Now time for a song break

There are so many other N64 games I could talk about, but we’ll stop there. I’ve been so affected by this trip back in time, that I couldn’t help but think of the perfect way to express my excitement for the N64 and its undying legacy in song. I threw in a few hip phrases from back in the day for good measure. Read it to the tune of that epic, late-90s ballad, My Heart Will Go On.

N64 games live on

(To the tune of My Heart Will Go On)

Every day in the 90s
I’d see you, I’d play you
Never really knowing you’d bombed

Far across the decades
and systems between then
You’ve proven you’re actually the bomb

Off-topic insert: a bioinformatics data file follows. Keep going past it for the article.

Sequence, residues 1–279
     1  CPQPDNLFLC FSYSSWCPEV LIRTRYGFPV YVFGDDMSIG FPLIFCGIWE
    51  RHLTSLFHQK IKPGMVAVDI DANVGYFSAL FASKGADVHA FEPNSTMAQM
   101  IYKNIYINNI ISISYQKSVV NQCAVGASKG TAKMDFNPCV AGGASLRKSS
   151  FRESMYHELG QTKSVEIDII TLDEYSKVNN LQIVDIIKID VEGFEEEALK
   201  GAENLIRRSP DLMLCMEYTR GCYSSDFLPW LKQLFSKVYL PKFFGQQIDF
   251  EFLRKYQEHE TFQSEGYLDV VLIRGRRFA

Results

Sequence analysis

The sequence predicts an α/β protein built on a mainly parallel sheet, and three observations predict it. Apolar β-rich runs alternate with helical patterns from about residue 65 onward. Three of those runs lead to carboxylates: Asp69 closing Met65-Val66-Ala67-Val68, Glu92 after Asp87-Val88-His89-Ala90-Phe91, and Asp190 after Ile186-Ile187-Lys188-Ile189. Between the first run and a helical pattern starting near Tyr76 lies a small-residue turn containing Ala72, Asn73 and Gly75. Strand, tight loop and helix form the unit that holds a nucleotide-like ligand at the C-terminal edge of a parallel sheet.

These cart-ridges and ‘trollers
So much contained in those polygons
Now they’re coming back once more
They are here on my Switch
These games are never really gone

Zelda made an impression
that lasted a long time
influencing numerous games

Banjo and Kazooie,
Smash Bros., Majora’s Mask.
So many classics from back then

These cart-ridges and ‘trollers
So much contained in those polygons
Now they’re coming back once more
They are here on my Switch
These games are never really gone

I’ll play the entire day
Beating my absolute faves again
More games are still on the way
If you haven’t played them yet
You ought to give them a go

You’re never gonna keep me down

The N64 might not have done quite as well as its contemporary consoles did in the 90s, but those classics had cult-staying power that kept them relevant over the past three decades. Many modern hits have these bulky polygons to thank for the mechanics and gameplay styles figured out during that time. Thank goodness we get to play them again on Switch.